Early Renaissance Italian sculptor



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Early Renaissance Italian sculptor
Average: 5 (1 vote)

Date of Birth


Place of Birth

Florence, Italy

Date of Death

December 13, 1466

Place of Death

Florence, Italy

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cschuster's picture

Sr. Contributor

Donatello would be the greatest sculptor of all time...if not for Michelangelo.

At least that's the kind of thing he'd get Kanye'd with at an awards ceremony. Many of his greatest works can never leave Italy, so make sure to put him on the itinerary of your Italian holiday. Some scholarship labels Big Don's sexuality as gay, but it's largely based on contemporary rumors and the fact that he made some fine nude males.

D was so fond of his own masterpiece, the Zuccone, that he punctuated oaths by declaring, "By the Zuccone!" The Zuccone is a sculpture of an unidentified Old Testament prophet that merges together a unique understanding of what a prophet looks like. Part wild man, part Roman orator, all bald and ugly. Hence the nickname, as 'zuccone' means pumpkin head. Donatello would stare at the statue for hours at a time, reportedly uttering, "Speak, speak, plague take thee, speak !"  Spoiler alert: it didn't.

Donatello was a sculptor with a lot of firsts in his resume. First sculptor since antiquity to make the human body look separate from the drapery around it. First post-Gothic artist to give his work so many feels. Also produced the first bronze equestrian sculpture since antiquity. Not only that, but the equestrian commission was for a mercenary, not a king, as was traditional. Scandal. The work, Gattamelata (the mercenary's nickname which means 'The Honeyed Cat'), became the foundation for every equestrian statue forged in bronze thereafter. Supposedly, The Honeyed Cat's family tried to hurry the project along by adding another artist. Donatello then refused to continue working on Gattamelata and did a FINISH HIM move by smashing the statue's head. Donatello hammered at the head and went between bouts of tears and hysterical laughter while screaming, "Look what you're making me do!," until the other artist said he had a dog to pick up in Bologna and left.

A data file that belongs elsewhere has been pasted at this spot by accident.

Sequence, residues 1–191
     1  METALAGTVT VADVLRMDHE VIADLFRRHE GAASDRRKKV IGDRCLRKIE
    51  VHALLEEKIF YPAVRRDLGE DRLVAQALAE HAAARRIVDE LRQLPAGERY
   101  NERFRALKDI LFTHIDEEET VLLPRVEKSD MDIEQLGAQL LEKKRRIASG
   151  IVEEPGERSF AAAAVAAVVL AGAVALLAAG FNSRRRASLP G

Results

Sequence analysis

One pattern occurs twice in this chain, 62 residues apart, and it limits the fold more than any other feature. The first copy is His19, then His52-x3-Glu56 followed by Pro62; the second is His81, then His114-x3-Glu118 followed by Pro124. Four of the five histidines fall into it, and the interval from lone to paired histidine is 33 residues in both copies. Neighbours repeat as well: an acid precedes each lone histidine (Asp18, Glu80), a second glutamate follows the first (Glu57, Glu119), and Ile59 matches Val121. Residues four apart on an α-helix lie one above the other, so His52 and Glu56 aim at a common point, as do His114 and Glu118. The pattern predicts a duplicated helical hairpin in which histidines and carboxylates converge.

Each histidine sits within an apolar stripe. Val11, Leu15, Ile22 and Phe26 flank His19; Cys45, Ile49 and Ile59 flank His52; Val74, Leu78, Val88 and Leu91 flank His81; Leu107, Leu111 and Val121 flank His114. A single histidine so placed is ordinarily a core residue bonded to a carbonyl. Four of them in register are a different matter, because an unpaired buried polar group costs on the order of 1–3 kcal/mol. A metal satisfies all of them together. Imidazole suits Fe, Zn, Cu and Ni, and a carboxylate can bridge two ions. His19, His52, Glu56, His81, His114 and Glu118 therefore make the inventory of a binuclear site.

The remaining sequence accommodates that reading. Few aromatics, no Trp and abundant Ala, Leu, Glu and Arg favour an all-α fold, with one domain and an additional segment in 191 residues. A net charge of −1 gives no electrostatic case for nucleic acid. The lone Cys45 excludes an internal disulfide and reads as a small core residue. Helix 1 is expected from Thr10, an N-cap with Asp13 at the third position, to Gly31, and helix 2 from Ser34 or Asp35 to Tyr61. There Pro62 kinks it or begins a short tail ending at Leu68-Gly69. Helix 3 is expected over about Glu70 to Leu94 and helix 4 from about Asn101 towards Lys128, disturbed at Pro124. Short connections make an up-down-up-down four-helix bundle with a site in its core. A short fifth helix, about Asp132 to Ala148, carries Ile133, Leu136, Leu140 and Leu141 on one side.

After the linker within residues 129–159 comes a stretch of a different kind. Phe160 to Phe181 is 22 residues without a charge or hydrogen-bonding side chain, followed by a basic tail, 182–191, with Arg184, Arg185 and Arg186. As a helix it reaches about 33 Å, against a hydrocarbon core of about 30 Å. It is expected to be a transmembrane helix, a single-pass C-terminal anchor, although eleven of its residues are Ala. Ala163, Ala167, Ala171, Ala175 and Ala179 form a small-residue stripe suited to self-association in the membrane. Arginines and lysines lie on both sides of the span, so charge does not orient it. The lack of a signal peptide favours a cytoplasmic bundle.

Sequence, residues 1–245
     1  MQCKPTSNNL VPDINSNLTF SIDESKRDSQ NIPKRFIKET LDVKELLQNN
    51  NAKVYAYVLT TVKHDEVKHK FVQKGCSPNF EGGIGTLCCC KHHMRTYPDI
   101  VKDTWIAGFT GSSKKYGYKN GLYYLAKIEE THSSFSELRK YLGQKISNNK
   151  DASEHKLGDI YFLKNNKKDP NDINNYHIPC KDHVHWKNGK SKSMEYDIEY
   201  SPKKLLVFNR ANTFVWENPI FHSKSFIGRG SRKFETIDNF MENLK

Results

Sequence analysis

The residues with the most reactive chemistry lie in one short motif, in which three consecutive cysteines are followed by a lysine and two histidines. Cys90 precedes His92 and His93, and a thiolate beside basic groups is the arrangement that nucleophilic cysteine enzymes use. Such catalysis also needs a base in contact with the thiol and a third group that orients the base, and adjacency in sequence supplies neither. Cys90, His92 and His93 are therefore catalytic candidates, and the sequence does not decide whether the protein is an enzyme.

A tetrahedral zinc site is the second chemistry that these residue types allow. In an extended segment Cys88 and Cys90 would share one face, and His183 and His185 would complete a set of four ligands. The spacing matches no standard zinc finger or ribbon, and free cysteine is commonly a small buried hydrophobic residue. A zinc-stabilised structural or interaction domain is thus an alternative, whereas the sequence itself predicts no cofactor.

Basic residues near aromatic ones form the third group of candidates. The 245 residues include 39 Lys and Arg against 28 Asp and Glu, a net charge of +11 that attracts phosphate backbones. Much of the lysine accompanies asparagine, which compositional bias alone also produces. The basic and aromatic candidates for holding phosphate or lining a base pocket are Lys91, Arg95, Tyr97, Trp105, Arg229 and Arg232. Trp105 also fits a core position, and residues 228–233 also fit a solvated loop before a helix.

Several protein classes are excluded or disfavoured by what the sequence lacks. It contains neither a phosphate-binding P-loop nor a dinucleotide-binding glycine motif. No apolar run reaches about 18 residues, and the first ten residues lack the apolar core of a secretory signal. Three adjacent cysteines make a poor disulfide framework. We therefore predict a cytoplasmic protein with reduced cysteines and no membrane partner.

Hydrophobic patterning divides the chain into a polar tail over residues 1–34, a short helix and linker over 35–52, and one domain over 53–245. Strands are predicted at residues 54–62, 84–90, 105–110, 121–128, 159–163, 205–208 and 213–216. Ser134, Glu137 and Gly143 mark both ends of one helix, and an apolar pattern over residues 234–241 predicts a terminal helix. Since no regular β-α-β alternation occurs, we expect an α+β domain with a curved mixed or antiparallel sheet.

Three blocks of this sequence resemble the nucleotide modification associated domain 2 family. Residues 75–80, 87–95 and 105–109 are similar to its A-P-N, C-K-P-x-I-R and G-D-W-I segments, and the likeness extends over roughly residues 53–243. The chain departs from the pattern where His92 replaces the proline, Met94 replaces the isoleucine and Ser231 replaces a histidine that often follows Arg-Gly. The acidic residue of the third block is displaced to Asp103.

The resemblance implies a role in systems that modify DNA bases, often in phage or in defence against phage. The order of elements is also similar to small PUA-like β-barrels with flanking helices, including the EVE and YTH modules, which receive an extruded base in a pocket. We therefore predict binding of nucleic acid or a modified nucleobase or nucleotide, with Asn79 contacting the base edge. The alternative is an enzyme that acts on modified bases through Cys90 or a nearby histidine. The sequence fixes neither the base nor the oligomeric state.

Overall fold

It's not hard to see why he was known as a hot head. For instance, a merchant with a one-off commission tried lowballing Donatello over a bronze head the artist had crafted over the course of a year. Cosimo de Medici, the merchant's friend and Donatello's constant patron, tried to intercede, explaining that the offer was coming in too low for the artist's work. Donatello got so mad that he threw the bronze head into the street from the top of Cosimo's palace, shattering it. It's a testament to Donatello's artistic genius that he could be the biggest asshole in the city and still get all the work.

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Here is what Wikipedia says about Donatello

Donato di Niccolò di Betto Bardi (c. 1386 – 13 December 1466), better known as Donatello (English: /ˌdɒnəˈtɛl/Italian: [donaˈtɛllo]), was an Italian sculptor of the Renaissance. Born in Florence, he studied classical sculpture and used this to develop a complete Renaissance style in sculpture, whose periods in Rome, Padua and Siena introduced to other parts of Italy a long and productive career. He worked with stone, bronze, wood, clay, stucco and wax, and had several assistants, with four perhaps being a typical number. Though his best-known works were mostly statues in the round, he developed a new, very shallow, type of bas-relief for small works, and a good deal of his output was larger architectural reliefs.

Check out the full Wikipedia article about Donatello.